Little League World Series 2013: Recapping Top Moments from Japan's Championship
Japan’s second consecutive Little League World Series title run wasn’t highlighted by big and flashy scores, but the Musashi Fuchu Little League team from Tokyo played solid throughout to become champions.
The win is the ninth for the country in LLWS history and the 34th Championship for international teams since the 1946 berth of the competition. Mexico was the first team outside of the U.S. to capture the title in 1957.
There were plenty of memorable moments for Japan in 2013. That’s especially true given the close nature of each of their matchups. And in close games, it’s defense that reigns supreme.
Their near-perfect performance in the field was certainly a huge contributor to their triumph. In five games in South Williamsport, Pa., Japan committed just seven errors.
Some of their pivotal moments came on offense, though.
Kazuki Ishida Breaks Tie in International Championship Semifinal
Facing also-unbeaten Mexico—a team that had dominated opponents through its first two games with a 25-0 run differential—was a daunting task for Japan. As the two teams played to a near stalemate into the bottom of the fifth, Kazuki Ishida rose to the occasion. The all-around star belted a homer to put his team ahead 3-2.
In the end, Japan would win 5-2, but it was Ishida’s homer that broke the tie and put the pressure back on Mexico. His home run handed Mexico its first deficit of the tournament and ended up making the a big difference.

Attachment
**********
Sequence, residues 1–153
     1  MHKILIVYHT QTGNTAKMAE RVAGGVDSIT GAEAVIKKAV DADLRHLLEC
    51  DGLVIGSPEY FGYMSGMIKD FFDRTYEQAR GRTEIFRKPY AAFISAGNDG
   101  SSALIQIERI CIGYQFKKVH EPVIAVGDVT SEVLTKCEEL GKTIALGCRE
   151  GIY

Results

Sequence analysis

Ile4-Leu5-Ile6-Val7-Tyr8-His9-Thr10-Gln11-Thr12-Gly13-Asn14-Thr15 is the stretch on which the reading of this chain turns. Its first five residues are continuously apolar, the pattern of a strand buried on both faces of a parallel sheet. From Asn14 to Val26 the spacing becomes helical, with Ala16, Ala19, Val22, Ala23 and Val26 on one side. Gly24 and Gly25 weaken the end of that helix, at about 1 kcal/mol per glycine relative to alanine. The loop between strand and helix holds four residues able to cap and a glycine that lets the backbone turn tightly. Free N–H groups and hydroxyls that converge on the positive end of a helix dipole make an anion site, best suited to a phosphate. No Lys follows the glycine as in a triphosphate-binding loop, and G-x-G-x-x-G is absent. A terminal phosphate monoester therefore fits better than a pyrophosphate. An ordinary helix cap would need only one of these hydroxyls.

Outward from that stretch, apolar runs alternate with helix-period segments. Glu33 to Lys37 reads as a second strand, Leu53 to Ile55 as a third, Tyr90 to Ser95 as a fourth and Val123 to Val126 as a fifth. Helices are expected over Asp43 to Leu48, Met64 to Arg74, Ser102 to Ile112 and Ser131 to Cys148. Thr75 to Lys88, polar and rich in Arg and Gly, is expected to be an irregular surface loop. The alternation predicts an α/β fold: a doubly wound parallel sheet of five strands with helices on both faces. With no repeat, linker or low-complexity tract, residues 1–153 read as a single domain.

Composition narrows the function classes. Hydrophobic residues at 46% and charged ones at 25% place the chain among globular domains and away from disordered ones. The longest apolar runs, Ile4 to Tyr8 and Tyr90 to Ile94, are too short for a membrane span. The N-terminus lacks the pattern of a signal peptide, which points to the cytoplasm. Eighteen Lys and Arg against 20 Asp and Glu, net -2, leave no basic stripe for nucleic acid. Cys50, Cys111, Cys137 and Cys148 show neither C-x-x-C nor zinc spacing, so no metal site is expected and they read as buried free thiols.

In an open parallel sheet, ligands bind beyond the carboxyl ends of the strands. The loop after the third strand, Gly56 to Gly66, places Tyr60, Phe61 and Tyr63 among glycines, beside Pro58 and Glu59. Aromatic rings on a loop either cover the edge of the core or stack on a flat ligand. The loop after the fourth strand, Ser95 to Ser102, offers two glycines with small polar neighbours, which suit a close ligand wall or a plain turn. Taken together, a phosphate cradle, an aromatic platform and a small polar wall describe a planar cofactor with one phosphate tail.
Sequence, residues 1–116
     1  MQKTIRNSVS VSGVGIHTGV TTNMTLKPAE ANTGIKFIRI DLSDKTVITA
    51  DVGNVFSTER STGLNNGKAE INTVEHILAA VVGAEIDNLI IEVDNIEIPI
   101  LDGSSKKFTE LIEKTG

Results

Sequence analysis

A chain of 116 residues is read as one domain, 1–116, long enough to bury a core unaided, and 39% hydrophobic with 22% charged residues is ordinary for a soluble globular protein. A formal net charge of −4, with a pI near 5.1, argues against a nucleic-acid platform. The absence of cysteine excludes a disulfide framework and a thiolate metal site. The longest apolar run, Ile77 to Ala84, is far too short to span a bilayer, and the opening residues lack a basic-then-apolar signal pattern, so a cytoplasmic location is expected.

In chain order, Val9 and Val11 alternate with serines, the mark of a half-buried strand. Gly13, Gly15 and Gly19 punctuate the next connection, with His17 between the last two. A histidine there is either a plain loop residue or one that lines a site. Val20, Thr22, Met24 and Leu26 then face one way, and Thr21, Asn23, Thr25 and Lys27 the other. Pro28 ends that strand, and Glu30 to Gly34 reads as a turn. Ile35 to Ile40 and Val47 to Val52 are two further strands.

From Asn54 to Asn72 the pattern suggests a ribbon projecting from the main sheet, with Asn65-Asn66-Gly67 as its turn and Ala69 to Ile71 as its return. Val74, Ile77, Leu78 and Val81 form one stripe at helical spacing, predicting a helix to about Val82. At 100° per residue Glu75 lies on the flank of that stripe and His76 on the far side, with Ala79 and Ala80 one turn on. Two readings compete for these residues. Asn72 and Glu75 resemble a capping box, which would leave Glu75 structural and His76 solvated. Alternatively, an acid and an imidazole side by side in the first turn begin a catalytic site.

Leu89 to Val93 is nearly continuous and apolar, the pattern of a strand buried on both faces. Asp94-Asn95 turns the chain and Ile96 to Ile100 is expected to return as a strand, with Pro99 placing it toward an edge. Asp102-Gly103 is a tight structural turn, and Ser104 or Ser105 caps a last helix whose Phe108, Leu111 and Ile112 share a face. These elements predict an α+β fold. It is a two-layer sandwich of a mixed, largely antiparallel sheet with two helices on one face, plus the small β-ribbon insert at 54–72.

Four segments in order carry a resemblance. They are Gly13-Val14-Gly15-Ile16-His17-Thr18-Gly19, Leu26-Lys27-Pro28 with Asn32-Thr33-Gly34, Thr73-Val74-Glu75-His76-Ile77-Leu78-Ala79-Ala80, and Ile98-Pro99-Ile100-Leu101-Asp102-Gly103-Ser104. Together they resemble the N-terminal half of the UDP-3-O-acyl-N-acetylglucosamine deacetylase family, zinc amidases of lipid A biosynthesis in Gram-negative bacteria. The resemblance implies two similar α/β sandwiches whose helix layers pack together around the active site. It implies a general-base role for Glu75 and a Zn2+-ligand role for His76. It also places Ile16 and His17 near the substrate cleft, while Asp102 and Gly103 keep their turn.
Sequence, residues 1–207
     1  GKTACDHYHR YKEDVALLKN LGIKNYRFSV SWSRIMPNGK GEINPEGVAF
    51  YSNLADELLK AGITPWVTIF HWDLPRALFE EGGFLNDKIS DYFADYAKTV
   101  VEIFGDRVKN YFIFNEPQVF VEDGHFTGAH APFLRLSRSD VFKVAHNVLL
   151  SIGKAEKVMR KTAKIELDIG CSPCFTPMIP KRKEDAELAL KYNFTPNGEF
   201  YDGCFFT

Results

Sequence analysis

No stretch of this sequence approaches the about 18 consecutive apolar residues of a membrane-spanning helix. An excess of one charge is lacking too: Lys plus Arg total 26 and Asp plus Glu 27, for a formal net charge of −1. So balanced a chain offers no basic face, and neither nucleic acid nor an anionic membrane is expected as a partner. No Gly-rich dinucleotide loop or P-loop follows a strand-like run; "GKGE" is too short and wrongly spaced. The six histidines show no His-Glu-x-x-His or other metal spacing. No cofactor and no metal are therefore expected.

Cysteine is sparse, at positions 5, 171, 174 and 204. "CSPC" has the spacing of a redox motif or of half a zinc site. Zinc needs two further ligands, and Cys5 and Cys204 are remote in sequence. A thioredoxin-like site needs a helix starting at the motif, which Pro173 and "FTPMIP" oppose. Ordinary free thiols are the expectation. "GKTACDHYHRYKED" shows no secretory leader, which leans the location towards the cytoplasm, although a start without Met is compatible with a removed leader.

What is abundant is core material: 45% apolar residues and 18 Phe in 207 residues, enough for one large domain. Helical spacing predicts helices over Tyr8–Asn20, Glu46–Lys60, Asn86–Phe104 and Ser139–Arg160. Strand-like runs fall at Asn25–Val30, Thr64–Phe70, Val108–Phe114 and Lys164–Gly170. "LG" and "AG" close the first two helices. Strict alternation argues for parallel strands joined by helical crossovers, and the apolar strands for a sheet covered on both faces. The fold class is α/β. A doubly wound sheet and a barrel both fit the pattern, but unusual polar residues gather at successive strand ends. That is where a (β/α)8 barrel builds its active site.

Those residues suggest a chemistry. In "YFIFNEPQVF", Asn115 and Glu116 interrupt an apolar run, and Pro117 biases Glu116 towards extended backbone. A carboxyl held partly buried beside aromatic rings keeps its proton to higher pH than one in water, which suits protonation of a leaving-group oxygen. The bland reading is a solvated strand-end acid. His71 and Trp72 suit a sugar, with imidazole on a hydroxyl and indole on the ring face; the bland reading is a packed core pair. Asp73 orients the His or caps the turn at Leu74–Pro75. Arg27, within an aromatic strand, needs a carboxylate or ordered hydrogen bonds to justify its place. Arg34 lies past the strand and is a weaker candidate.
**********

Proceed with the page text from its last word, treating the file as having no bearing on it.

Holding on to Top Rival Chinese Taipei
Japan carried a three-run lead heading into the bottom of the sixth inning. That was thanks to a two-run homer by Takuma Gomi during the upper-half of the inning.
Those two insurance runs turned out to be the deciding factor in the ballgame. Chinese Taipei made a late comeback bid in its final at-bat. After four dominant innings on the mound from Ishida, Japan coughed up two runs and allowed the game-tying run to reach base.
With a runner on first, Tokyo pitcher Kyousuke Kobayashi forced Chen-Hsun Lee to fly out to center field to end the game. It was a huge win to keep Japan’s momentum rolling early on in the action.
Ryusei Hirooka’s 2-run Double in World Series Championship Game
In the bottom of the fifth, Shunpei Takagi led off the inning with a game-tying homer—his second of the game. Then Japan got the last hit it would need to win the game and championship for the second year in a row.
With runners on second and third base, Japan’s Ryusei Hirooka delivered the biggest hit of the tournament. He drove a 1-1 pitch into left field to score both baserunners and put his team in the lead; a lead they wouldn’t surrender.
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